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- Obamacare does not require employers to cover spouses of employees in their plans
- Obamacare requires employers to cover dependent children up to age 26
- Obamacare provides an Affordable Insurance exception to the Individual Mandate
- Obamacare provides an Affordable Insurance exception for employer plans
- Obamacare provides an exemption when insurance costs more than 8 percent of annual income
Spousal coverage was not included in the Affordable Care Act. During debates, it was noted that most employers offered spouse coverage when providing employee coverage. The law expressed a preference for employer coverage when it denied Obamacare benefits to those who received offers of employer coverage. When searching for coverage for an non-covered spouse, applicants should use comparison shopping to find the best value. Comparison shopping is an excellent tool for determining the value of Obamacare Health plans and those offered by private insurers outside of the marketplace. Start comparing health insurance rates now by using our FREE tool above!
Individual Mandate and Penalty
The Affordable Care Act requires every citizen, national, and other authorized permanent resident to get and maintain health insurance coverage that provides the ten essential health benefits defined in the law. The below-described items describe the penalty provisions for failing to get and maintain insurance coverage for 2016. The Shared The 2016 Shared Responsibility penalties are the greater of:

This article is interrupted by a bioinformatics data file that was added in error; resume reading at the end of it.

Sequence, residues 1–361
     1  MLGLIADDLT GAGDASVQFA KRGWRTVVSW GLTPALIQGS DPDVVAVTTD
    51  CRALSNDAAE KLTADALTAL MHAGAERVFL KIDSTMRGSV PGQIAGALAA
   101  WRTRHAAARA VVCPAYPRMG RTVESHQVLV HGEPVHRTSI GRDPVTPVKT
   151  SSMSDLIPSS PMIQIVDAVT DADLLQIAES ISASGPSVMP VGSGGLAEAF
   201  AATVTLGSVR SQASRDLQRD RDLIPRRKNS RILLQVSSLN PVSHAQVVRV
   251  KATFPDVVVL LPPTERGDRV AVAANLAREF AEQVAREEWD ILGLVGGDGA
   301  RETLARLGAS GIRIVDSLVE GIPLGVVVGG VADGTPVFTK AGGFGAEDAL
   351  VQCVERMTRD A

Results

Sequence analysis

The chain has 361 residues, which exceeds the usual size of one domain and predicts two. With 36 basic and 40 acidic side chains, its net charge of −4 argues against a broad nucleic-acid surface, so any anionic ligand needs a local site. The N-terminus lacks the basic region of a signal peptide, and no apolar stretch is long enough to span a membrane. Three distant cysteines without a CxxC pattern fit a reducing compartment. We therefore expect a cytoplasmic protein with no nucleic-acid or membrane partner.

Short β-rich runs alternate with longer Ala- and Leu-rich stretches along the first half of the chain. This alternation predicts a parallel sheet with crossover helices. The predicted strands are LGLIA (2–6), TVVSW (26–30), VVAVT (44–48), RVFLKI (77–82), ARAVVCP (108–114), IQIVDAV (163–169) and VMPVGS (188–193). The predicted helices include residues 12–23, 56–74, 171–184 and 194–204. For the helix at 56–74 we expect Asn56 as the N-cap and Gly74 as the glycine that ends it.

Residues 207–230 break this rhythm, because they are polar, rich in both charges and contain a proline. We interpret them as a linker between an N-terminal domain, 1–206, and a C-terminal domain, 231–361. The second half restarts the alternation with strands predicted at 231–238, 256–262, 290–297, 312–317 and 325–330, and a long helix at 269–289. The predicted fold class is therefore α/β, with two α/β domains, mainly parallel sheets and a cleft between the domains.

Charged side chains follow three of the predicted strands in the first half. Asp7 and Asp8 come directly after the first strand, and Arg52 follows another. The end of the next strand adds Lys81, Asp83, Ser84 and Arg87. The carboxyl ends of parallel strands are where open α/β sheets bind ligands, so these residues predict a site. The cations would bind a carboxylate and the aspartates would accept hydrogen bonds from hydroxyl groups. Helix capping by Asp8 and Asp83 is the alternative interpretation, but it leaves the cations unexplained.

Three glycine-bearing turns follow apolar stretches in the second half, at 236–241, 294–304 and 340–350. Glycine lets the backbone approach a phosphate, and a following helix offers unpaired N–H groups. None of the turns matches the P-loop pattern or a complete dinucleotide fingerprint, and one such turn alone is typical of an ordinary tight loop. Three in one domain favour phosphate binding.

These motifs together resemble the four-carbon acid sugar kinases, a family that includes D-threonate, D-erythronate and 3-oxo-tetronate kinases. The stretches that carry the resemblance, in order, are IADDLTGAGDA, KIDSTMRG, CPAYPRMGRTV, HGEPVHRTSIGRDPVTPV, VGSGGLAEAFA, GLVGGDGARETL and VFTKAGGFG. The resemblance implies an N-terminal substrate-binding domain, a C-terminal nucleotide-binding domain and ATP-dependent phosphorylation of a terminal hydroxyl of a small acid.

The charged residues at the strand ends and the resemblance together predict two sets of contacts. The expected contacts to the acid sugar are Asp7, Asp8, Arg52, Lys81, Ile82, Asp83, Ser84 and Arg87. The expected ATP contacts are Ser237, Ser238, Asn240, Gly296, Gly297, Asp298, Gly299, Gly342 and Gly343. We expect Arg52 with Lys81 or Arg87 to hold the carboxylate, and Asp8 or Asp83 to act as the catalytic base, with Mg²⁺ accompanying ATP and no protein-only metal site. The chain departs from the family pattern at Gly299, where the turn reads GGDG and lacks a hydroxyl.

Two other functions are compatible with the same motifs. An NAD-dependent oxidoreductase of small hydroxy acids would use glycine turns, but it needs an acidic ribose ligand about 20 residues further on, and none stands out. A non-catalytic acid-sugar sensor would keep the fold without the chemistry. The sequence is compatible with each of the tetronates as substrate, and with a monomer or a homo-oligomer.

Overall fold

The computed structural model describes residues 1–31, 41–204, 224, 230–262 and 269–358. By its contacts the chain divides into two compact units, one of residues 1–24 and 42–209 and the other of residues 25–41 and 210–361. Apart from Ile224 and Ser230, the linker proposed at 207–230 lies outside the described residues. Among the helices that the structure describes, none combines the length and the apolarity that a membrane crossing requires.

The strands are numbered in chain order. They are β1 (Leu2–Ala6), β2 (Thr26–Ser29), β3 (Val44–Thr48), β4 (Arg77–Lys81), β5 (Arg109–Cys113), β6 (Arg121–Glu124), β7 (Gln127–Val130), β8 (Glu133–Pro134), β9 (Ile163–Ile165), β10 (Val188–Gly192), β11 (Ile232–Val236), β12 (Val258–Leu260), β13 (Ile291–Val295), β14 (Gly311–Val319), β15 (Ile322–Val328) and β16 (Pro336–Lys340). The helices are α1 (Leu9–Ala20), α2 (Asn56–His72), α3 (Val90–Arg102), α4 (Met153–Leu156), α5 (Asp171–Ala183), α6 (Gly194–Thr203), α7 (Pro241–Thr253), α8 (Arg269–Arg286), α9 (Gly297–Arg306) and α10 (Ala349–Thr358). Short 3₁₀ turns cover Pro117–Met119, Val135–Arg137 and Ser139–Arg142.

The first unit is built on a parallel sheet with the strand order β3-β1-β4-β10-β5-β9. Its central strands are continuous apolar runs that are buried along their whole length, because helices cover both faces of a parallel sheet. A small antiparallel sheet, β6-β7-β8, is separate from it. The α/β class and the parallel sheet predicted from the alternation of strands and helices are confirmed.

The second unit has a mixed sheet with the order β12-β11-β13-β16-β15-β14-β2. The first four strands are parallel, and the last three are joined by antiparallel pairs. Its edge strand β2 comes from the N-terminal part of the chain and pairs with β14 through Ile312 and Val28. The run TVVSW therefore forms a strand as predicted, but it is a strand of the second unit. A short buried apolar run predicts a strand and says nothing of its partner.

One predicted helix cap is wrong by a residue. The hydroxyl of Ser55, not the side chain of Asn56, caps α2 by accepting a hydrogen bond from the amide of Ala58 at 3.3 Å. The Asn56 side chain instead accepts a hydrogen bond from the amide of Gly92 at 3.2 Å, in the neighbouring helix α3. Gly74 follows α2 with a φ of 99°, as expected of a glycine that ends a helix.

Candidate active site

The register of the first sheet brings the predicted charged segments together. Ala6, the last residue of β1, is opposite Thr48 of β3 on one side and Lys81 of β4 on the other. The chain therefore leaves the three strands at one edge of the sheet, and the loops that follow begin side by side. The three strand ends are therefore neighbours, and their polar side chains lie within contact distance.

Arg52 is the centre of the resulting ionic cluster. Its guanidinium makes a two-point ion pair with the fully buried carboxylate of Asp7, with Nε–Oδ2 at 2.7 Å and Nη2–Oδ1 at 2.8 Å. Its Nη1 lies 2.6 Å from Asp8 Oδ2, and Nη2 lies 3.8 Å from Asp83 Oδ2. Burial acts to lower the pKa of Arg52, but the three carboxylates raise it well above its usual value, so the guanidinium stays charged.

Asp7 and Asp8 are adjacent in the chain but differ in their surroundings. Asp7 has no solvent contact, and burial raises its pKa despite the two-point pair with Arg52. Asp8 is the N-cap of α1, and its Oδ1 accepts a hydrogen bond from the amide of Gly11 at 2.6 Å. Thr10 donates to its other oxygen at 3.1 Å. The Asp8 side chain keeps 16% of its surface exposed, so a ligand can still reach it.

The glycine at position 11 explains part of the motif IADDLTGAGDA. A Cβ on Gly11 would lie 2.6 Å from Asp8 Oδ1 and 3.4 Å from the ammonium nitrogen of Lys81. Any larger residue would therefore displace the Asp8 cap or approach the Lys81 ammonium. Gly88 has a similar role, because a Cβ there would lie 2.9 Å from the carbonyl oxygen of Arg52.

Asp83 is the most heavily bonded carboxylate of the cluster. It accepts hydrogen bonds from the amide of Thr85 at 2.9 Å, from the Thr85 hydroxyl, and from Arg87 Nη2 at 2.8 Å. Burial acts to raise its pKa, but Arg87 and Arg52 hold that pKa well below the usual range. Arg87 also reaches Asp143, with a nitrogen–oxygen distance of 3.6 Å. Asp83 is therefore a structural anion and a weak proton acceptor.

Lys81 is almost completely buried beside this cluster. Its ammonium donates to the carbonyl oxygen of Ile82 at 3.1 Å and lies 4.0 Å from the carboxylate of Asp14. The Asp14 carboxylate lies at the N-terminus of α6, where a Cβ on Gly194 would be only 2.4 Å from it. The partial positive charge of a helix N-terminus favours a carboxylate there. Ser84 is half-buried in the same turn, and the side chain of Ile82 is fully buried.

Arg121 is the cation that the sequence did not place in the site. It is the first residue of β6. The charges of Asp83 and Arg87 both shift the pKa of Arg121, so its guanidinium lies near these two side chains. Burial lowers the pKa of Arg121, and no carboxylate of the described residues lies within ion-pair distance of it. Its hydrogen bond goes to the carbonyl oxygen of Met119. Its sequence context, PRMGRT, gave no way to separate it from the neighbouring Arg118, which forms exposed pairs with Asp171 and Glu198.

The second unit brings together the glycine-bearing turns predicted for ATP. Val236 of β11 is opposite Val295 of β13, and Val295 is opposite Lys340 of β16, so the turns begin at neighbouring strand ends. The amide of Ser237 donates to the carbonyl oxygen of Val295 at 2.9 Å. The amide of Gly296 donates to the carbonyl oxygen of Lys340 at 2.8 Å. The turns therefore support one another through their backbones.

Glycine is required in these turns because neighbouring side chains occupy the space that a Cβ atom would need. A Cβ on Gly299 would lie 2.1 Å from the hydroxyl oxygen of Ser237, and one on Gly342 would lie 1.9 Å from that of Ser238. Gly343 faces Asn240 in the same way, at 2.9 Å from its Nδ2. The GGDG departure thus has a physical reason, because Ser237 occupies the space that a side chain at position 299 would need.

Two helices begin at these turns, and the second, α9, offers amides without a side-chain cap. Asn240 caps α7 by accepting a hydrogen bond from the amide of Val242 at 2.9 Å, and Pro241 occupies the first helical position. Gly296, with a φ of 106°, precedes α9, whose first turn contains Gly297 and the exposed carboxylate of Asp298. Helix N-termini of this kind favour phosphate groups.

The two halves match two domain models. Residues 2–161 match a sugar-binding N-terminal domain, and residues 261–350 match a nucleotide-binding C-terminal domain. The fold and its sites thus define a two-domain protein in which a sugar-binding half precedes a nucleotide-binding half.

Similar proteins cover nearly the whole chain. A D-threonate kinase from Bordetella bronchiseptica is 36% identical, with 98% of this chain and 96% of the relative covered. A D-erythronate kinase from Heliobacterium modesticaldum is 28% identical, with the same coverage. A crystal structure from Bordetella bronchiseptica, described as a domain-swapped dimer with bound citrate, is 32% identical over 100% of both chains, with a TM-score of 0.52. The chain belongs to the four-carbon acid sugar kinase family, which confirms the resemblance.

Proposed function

- $675.00 per adult individual
- $347.50 per child
- $2,085 total family limit or
- 2.5 percent of annual individual income
- $2.085.00 for a family, or
- 2.5 percent of household family income minus the filing threshold amount.
Two Tests of Affordable Care
It is somewhat confusing, but there are two separate tests in the Affordable Care Act for exemptions due to unaffordable insurance. One applies to employer plans, and the other applies to marketplace plans. Those who have an offer of coverage from an employer cannot be exempt unless the premiums cost more than 9.5 percent of family income. Those who do not have available employer coverage can get an exemption if the lowest priced plan costs more than 8 percent of family or individual income. The government bases affordability on the costs of certain basic plans, called benchmark plans.
Private Employers Can Choose
Obamacare does not require employers to offer insurance coverage to spouses of employees. It does require coverage for dependents up to age 26. Companies were free to decide to cover spouses before and after Obamacare.
Covering a spouse may be more valuable after Obamacare because a high-income earner spouse would have to buy insurance outside of Obamacare if dropped by the spouse’s employer’s coverage.
Presumably an employed spouse would have options from his or her employer, but if not, there could be a significant added expense. Determining eligibility of a non-covered spouse uses the income figures of the entire family before deductions for the covered spouse’s employer-sponsored insurance. This forces the uninsured spouse to reach the maximum 9.5 percent range to get an exemption.
Getting the Affordability Exemption
The exemptions for persons who cannot get affordable health insurance coverage applies to spouses of employees covered by an employers plan. The cost of adding a spouse may raise the price of insurance overall, and often will cost more than 9.5 percent of their adjusted annual income. Persons who cannot get private insurance for 8 percent or less of their income or employer plans for less than 9.5 percent of income are entitled to hardship exemptions from the individual mandate.